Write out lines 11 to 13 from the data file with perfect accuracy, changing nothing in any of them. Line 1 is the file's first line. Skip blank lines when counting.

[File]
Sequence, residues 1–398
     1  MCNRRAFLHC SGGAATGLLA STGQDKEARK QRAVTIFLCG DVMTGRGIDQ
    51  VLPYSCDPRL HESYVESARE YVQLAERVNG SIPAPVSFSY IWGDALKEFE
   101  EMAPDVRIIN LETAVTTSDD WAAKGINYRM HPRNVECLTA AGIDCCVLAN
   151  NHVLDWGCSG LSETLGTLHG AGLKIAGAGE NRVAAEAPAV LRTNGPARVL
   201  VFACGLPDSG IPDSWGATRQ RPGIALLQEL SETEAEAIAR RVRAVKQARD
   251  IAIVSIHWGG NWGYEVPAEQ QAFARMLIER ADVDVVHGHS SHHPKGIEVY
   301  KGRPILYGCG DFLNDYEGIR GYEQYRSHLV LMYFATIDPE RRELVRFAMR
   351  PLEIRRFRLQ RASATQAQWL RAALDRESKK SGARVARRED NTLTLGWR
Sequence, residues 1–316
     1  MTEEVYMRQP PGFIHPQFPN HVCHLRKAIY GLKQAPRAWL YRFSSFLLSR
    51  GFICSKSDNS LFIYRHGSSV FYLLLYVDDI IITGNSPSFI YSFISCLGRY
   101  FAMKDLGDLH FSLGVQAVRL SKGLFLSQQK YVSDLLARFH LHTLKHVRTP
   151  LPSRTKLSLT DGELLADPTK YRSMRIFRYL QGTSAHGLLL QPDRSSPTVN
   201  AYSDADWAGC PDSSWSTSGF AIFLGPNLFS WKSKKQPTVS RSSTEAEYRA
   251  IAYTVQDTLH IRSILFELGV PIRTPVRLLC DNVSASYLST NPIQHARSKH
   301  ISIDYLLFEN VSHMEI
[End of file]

     1  MTEEVYMRQP PGFIHPQFPN HVCHLRKAIY GLKQAPRAWL YRFSSFLLSR
    51  GFICSKSDNS LFIYRHGSSV FYLLLYVDDI IITGNSPSFI YSFISCLGRY
   101  FAMKDLGDLH FSLGVQAVRL SKGLFLSQQK YVSDLLARFH LHTLKHVRTP